“Customers want us to be their neighborhood store, stocked with merchandise that is ‘right’ for them, presented in bright, inviting and energizing formats and accompanied by service and amenities that support the upscale merchandise. Customers want us to be a destination. They want to be pulled in to see what is new this week.”

The customers also said that Bloomingdale’s is more about lifestyle than price. “So we intend to be dominant in contemporary assortments and stay focused in bridge as well.”

Gould also feels that what the SoHo store doesn’t have is as important as what it does have, and he’s not just talking about the merchandise. It’s about having less-aggressive discounting compared with the uptown store and other department stores. “A reduction in promotional activity is a natural extension of our upscale positioning,” he said. “We are aggressively distancing our brand from what many consider a department store promotional cadence. Regular-price selling is as important to our brand strategy, image and profitability.” According to Gould, at the SoHo store, the average unit sale for like families of business runs anywhere between 20 and 85 percent higher than average unit sales in all the other Bloomingdale’s stores.

Bloomingdale’s long wanted to open a second location in Manhattan, even if it doesn’t have any other locations elsewhere in New York City. A store in the Fresh Meadows section of Queens was closed years ago after the demographics of the community changed, and Bloomingdale’s shifted its focus to opening stores further out on Long Island, where many of its Queens clientele were moving.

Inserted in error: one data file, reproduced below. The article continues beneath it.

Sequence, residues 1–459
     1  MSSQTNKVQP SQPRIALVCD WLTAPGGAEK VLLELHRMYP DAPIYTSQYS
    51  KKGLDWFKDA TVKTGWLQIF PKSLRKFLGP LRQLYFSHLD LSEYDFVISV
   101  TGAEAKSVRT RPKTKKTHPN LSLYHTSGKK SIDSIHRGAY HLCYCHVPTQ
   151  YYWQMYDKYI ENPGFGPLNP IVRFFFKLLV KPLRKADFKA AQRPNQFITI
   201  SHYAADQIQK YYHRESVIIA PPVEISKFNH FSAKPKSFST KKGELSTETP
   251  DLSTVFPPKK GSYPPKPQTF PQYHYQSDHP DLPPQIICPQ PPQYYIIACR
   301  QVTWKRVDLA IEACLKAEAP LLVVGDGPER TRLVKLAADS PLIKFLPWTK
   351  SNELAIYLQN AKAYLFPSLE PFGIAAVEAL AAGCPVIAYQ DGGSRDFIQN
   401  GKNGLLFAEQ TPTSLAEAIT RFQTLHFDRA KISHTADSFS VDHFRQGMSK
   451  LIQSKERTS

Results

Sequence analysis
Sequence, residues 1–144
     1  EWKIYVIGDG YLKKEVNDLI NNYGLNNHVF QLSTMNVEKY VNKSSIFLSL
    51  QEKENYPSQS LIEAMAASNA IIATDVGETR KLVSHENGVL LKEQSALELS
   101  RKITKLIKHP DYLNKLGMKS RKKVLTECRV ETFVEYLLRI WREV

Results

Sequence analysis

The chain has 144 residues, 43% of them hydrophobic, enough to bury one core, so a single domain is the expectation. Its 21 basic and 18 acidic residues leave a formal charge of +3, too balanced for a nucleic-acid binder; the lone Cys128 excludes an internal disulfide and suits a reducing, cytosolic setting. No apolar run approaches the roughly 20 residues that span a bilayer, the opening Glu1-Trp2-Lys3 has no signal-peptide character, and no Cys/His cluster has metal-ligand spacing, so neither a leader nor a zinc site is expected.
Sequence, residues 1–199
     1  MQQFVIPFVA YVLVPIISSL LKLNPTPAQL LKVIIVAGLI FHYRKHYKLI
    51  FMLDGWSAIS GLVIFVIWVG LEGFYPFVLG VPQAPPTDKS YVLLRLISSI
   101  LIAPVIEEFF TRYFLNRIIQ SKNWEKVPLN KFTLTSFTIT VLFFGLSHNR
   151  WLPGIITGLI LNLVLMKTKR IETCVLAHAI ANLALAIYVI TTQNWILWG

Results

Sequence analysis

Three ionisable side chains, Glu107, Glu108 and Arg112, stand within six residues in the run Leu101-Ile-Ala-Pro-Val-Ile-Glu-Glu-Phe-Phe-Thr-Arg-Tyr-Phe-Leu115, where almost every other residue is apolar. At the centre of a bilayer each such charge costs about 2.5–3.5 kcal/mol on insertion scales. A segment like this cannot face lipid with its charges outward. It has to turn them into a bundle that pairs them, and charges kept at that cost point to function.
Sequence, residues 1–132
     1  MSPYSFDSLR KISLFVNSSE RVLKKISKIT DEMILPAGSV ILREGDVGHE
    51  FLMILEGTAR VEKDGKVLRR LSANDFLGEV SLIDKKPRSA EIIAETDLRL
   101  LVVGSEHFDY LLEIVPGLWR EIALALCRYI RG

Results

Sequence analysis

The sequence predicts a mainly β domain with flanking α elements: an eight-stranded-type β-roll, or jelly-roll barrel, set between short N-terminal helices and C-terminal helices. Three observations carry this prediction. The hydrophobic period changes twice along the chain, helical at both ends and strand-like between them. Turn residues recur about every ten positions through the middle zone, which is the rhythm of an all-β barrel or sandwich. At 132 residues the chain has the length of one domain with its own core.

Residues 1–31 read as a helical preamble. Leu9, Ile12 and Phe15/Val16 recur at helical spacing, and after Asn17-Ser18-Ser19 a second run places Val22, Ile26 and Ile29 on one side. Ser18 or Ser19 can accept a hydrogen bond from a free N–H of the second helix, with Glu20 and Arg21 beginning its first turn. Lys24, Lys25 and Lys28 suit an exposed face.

The opening of the SoHo store, and its apparent success, raises expectations about Bloomingdale’s stepping out again with another scaled-down version of the famous 59th Street flagship, and whether the uptown/downtown strategy playing in Manhattan could work in other major cities.

Gould heightened the curiosity by suggesting the SoHo format has “great applications” in other locations, although he declined to specify what other cities in the U.S. are being scouted for possible SoHo-type stores. It is believed that Miami, Chicago and Los Angeles, where there are already Bloomingdale’s stores, could support SoHo-sized clones, whether the merchandise is skewed to contemporary offerings similar to SoHo, or whether it’s a more conservative approach to fashion.

However, operating two fashion stores not far apart presents the risk of one store cannibalizing sales from the other. Providing somewhat of a first-half review of the SoHo site, Gould said his organization saw that risk in Manhattan, and initially believed that SoHo would siphon about 3 percent of the sales from the uptown 59th Street flagship. But he added that preliminary indications suggest there could be less than a 1 percent transfer of sales.

SoHo, he maintained, would be “a complement, not a rival, to our Midtown flagship. So when the building on Broadway came on the market, the decision was relatively easy. Here was an opportunity for a small, tightly edited version of Bloomingdale’s, exaggerating the contemporary elements of our merchandise mix and store design that best suited that neighborhood.”